This could be bad news for Big Pharma, for which sales of antidepressant medications bring in billions of dollars in profits – but it is potentially good news for the approximately 16 million people in the US who suffer from chronic depression. Doctors working at UCLA’s Semel Institute for Neuroscience and Human Behavior are using a non-chemical treatment for depression that can literally rewire a patient’s brain.

Known as “transcranial magnetic stimulation,” or TMS, this therapy received FDA approval for the treatment of depression in 2008. However, TMS technology has undergone major improvements in recent years, allowing patients to complete a full course of treatment in as little as 14 days.

There’s even more bad news for the pharmaceutical industry: patients report experiencing relief of physical pain after undergoing a TMS session. Medical researchers are now investigating whether TMS could eventually become an alternative to highly-addictive opioids. Furthermore, current research suggests that TMS may prove to be an effective treatment for other brain disorders that are typically treated with neuroleptics and other medications, such as schizophrenia, epilepsy, Parkinson’s Disease, Alzheimer’s, chronic anxiety, post-traumatic stress syndrome and even autism. Researchers have also been investigating the use of TMS as a tool to help stroke victims in their rehabilitation as well as treating substance abuse.

TMS traces its roots back to the late 18th Century, when Italian physician Luigi Galvani, a pioneer in the field of bioelectricity, began experimenting with the effects of electricity on the body of animals (ultimately, his research inspired author Mary Shelly to write her famous novel, Frankenstein). The use of electricity to stimulate the human brain began a century later, leading to the development of electroconvulsive therapy (ETC) in the 1930s. Over the next forty years, ETC became a common treatment for mental illness, but fell out of favor in the 1970s because of overuse. It was at that time that British researcher Anthony T. Barker began his pioneering work on the use of magnetic fields for altering brain signals. This led to the development of the earliest TMS devices, which came into use in 1985.

Initially, TMS was considered a diagnostic tool, but eventually, doctors realized its potential as a form of therapy. Several improvements over the years have reduced the amount of time required for a single treatment by 90 percent. A patient undergoing a TMS session has an electromagnetic coil placed against his or her scalp. The device then delivers magnetic pulses targeted to the region of the brain that controls moods and emotions, stimulating those areas that have not been fully active – which is one of the root causes of clinical depression. Why this works is not fully understood – but patients and doctors report amazing results.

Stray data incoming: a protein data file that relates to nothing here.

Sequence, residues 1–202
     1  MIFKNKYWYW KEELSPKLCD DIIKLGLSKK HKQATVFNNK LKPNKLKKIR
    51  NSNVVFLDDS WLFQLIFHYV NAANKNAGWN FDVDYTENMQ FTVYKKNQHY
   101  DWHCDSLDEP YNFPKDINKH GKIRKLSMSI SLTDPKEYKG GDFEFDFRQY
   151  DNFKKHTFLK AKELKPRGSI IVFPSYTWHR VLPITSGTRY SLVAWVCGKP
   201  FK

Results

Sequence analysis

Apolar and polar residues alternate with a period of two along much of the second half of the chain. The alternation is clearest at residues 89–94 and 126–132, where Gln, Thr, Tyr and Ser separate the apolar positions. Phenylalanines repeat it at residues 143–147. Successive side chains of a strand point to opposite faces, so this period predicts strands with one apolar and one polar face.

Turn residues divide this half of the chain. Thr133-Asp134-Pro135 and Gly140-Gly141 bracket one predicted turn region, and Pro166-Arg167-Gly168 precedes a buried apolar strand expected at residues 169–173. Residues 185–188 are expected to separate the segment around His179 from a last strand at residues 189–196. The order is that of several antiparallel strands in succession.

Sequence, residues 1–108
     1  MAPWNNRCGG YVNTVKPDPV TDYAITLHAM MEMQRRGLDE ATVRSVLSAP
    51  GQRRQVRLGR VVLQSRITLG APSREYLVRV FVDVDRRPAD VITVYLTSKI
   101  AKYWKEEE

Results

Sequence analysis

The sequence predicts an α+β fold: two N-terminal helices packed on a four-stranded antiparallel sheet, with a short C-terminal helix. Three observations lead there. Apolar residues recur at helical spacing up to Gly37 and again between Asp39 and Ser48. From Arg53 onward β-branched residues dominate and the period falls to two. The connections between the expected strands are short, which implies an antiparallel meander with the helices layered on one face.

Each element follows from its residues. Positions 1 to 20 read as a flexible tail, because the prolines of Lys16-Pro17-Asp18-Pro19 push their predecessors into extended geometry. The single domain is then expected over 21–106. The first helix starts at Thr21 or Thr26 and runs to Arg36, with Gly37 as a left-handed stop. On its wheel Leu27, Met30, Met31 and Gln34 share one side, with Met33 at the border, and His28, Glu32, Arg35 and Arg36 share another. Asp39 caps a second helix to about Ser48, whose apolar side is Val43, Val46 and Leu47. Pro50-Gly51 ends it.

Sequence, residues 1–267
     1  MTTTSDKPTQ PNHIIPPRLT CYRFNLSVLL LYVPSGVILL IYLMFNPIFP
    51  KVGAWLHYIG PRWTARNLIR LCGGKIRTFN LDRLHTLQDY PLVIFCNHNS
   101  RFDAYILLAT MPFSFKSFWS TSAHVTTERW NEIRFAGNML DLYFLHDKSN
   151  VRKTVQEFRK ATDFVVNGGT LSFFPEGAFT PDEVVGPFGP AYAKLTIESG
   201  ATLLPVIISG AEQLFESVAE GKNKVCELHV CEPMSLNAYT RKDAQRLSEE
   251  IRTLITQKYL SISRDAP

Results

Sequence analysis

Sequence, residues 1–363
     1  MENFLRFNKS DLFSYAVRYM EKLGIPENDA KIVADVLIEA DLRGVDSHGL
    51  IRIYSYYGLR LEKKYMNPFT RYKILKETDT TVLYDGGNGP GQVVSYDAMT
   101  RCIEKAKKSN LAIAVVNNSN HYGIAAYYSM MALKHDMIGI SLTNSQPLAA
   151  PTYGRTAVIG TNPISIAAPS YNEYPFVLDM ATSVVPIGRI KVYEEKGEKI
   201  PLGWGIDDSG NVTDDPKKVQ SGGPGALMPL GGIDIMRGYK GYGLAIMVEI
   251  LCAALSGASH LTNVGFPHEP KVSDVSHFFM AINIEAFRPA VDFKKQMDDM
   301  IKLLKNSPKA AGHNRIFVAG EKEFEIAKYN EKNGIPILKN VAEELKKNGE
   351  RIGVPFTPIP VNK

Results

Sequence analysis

Dr. Andrew Leuchter of the Semel Institute said, “By using non-chemical means we can change the brain and how it functions…by pulsing it [the brain] with energy repeatedly, we’re changing the way that area works, but also changing the way the whole brain network works.” One of Leuchter’s colleagues, Dr. Ian Cook, agrees, describing it as “a really transformative kind of therapy.”

A few patients (approximately 5 percent) experience brief pain or discomfort from the electrodes during the initial treatments, but these effects soon pass.

There is more good news for patients: while a complete course of TMS treatment can cost up to $15,000, it is covered by most insurance plans – and more insurance companies are signing on. To date, approximately 1 million patients have experienced the benefits of TMS – and have been spared the many serious and debilitating side effects associated with psychoactive drugs.

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K.J. McElrath is a former history and social studies teacher who has long maintained a keen interest in legal and social issues. In addition to writing for The Ring of Fire, he is the author of two published novels: Tamanous Cooley, a darkly comic environmental twist on Dante's Inferno, and The Missionary's Wife, a story of the conflict between human nature and fundamentalist religious dogma. When not engaged in journalistic or literary pursuits, K.J. works as an entertainer and film composer.